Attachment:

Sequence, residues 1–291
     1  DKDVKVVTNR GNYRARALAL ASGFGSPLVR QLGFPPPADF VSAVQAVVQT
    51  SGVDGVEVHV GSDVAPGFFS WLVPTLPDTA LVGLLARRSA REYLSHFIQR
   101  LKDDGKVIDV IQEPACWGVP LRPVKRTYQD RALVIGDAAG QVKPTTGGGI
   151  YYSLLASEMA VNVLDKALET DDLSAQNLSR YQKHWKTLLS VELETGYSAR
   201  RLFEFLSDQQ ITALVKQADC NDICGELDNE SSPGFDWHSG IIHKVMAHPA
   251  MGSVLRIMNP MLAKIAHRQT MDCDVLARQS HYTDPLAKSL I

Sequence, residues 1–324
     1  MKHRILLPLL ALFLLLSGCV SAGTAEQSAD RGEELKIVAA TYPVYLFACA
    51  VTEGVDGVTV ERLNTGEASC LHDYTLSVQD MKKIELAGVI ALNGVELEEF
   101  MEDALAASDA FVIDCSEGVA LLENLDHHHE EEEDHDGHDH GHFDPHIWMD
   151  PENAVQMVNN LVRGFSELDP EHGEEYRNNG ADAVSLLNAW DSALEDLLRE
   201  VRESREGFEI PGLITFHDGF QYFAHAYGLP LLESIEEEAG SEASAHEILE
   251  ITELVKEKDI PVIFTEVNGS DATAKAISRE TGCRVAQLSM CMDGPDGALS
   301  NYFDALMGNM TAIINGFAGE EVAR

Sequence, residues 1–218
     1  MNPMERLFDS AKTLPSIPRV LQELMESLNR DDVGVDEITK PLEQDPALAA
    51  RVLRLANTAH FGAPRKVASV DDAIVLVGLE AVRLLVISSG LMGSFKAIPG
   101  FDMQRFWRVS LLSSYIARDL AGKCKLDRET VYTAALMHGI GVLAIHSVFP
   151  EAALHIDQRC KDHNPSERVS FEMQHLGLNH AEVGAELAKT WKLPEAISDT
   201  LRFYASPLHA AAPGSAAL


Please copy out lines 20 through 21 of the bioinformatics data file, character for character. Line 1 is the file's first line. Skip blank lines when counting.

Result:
   151  EAALHIDQRC KDHNPSERVS FEMQHLGLNH AEVGAELAKT WKLPEAISDT
   201  LRFYASPLHA AAPGSAAL